Some photos from the launch, courtesy of Zakir Rasheed and Will Jackson, whose names you may remember from the first book…
You can pick up a copy of both books via our Amazon page here.
Some photos from the launch, courtesy of Zakir Rasheed and Will Jackson, whose names you may remember from the first book…
You can pick up a copy of both books via our Amazon page here.
If you can’t make it, you can pick up a copy here.
A year after our return from Alaska, The Rule of Thumb 2 is written, the illustrations are finished and we’re just about ready for publication.
Please help us raise sufficient funds by supporting us via our CrowdFunding page here.
This week, three cheers, a pat on the back, full credit and possibly some kind of medal should go to our adoptive Argentinian family: Sergio, Maria and Juli. These were the three who rescued us from the near possibility of falling back into the doldrums last week, and in order to fully mend our wounds invited us on their holiday. And so it was that on Monday morning, we merry five began our pootle up towards Bolivia, remaining in each other’s company until an emotional parting on Friday afternoon.
We’ve said goodbye to our favourite four-year-old and at the same time to Argentina: we’ve made it pretty much halfway up the length of South America!
The most striking difference between Argentina and Chile was the landscape, and now having arrived in Bolivia it is the people. Suddenly it feels as though we’ve stepped into a poster of how South America is supposed to look, primarily because of the older women: bowler hats, mega-long plaits, sandals with socks, incredible frocks. The ‘Miss Potosí’ contest we stumbled across last night (the winner gets to be a contender for Miss Bolivia!!!) with the requisite strutting in skimpy swimwear was an uncomfortable contrast.
And now for our week in pictures…
On Tuesday we:
On Wednesday we:
Total number of lifts: 53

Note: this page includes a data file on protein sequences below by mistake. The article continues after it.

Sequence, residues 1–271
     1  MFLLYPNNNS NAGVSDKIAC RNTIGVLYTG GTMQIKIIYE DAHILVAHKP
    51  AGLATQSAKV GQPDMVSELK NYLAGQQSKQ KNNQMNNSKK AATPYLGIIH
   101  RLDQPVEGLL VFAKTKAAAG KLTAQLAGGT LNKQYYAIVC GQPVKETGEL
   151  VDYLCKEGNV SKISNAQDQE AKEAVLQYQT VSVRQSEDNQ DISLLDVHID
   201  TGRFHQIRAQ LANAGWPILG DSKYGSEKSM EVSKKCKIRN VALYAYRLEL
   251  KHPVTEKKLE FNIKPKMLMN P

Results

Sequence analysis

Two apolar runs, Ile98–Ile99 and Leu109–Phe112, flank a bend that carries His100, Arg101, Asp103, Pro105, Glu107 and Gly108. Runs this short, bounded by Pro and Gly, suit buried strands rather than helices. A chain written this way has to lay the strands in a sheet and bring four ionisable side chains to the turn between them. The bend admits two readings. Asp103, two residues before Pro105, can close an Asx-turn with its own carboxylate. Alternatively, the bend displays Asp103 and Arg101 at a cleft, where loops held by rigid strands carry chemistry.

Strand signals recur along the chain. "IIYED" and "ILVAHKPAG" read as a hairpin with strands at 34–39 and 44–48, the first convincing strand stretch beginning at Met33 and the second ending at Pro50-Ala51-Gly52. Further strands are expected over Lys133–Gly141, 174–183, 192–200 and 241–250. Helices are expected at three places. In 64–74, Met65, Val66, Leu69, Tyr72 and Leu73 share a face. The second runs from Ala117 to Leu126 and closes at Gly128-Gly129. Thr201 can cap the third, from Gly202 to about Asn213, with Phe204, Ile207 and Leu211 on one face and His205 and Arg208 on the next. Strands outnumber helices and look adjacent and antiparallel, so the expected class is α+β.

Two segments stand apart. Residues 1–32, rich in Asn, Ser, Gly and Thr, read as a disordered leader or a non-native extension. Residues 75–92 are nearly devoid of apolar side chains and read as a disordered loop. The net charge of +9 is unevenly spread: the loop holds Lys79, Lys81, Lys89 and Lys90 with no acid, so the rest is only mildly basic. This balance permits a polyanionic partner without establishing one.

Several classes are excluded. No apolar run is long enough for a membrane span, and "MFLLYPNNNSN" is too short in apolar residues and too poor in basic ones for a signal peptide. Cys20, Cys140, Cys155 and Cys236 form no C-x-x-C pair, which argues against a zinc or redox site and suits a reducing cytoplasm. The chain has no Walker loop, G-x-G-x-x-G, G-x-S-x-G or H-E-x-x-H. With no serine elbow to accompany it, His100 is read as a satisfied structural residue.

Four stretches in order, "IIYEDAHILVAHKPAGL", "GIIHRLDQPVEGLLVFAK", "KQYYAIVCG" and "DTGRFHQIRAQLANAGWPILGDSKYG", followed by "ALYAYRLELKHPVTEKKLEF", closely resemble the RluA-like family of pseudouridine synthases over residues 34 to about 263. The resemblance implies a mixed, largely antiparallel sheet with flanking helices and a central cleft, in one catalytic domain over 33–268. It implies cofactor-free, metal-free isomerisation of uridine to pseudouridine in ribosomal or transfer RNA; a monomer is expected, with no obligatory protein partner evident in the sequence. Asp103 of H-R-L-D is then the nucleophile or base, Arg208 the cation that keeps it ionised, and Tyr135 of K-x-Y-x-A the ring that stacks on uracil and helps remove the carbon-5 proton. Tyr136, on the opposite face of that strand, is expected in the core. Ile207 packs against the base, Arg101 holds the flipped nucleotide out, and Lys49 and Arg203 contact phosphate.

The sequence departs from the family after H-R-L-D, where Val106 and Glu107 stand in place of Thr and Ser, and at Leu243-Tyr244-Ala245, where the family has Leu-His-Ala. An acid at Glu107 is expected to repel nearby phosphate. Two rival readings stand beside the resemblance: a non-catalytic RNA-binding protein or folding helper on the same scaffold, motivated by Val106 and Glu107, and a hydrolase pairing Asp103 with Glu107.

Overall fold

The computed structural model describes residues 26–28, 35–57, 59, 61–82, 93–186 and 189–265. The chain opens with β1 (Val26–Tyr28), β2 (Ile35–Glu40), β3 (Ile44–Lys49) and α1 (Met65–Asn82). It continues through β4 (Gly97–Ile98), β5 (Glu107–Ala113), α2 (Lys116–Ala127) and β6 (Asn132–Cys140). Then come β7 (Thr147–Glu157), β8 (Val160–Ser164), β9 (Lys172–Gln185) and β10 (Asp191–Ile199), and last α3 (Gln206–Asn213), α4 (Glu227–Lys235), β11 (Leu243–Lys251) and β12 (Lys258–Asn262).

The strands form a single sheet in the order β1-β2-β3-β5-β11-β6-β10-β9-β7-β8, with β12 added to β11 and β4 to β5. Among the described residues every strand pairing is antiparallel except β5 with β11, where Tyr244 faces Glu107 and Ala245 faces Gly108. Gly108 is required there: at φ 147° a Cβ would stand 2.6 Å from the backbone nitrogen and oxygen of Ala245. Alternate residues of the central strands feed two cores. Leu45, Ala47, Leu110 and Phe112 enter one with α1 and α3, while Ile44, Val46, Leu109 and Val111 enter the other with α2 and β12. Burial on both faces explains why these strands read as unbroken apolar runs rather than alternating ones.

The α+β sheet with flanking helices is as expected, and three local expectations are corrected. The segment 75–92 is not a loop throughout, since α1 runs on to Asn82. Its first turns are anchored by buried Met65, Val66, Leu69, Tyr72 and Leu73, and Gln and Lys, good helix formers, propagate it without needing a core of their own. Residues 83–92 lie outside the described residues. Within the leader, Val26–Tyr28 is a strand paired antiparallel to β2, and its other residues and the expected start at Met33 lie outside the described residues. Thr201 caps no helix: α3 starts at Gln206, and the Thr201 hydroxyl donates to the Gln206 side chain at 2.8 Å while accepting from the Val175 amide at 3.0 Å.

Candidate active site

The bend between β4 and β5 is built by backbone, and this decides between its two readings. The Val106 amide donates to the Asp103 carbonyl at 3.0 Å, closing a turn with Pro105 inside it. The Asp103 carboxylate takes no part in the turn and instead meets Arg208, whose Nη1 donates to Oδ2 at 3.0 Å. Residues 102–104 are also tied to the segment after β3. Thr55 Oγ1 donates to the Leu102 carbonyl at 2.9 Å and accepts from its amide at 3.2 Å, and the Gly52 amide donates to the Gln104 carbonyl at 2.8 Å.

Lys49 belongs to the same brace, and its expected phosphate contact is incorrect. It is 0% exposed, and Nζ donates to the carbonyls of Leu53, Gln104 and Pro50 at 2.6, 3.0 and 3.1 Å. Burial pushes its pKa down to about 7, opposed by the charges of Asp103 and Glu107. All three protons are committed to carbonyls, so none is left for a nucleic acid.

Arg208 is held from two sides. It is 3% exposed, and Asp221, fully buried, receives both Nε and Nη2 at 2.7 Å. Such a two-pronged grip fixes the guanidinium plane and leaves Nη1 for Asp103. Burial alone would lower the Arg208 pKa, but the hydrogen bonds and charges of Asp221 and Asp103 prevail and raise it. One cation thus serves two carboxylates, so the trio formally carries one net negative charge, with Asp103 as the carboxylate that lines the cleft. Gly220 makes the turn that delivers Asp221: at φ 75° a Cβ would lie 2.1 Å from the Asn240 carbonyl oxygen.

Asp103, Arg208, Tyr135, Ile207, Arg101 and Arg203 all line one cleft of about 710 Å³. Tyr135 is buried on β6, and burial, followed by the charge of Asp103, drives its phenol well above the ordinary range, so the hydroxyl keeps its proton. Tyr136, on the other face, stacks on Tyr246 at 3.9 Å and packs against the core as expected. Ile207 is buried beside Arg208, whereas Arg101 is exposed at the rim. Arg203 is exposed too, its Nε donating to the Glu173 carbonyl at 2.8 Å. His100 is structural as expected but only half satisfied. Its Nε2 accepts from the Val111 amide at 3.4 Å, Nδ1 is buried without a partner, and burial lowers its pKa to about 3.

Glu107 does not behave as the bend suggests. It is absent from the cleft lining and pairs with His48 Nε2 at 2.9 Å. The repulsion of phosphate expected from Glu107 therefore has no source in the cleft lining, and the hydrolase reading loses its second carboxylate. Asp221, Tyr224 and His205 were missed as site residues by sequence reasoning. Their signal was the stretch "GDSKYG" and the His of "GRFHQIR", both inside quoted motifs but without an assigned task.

Week Seven distance travelled: 855 km
Total distance travelled: 7589 km
Well, it couldn’t be easy forever, could it?
This week marked a new experience for us: the Long Wait. Or, rather, the Looooooooooooooooooong Wait.
The day formerly known as ‘Wednesday’, but now renamed ‘The Abysmal Day’, began in a regular fashion, and indeed part of the abnormality of the situation was how normal everything else had been. On Monday we had managed a superb leap from Cordoba to Tucuman, despite a lull around lunchtime followed by a spectacular storm that lasted about four hours and included a lightning bolt almost tickling the car we were travelling in.
By this time a new Pablo had come into our lives, and happily our acquaintance lasted longer than the six-hour drive to Tucuman; we had dinner together both that evening and after a day’s chilling in the town, and on that morning he drove us to the edge of town to help us on our way.
So far, so normal. We had three short lifts to take us on our way to the mountain route between Tucuman and Salta, recommended to us as unmissable and most definitely preferable to the direct autopista. By this time we were outside a little settlement called Santa Lucia and landed on what we felt to be a suitable spot, shifting up and down the road a couple of times just to be sure we were in the right place.
By the time we had smashed all prior records (around four-and-a-half hours later), it was 6.30pm, and so we stopped. That’s right, we gave in to the situation and slumped towards Santa Lucia, which was clearly to be our resting place for the night.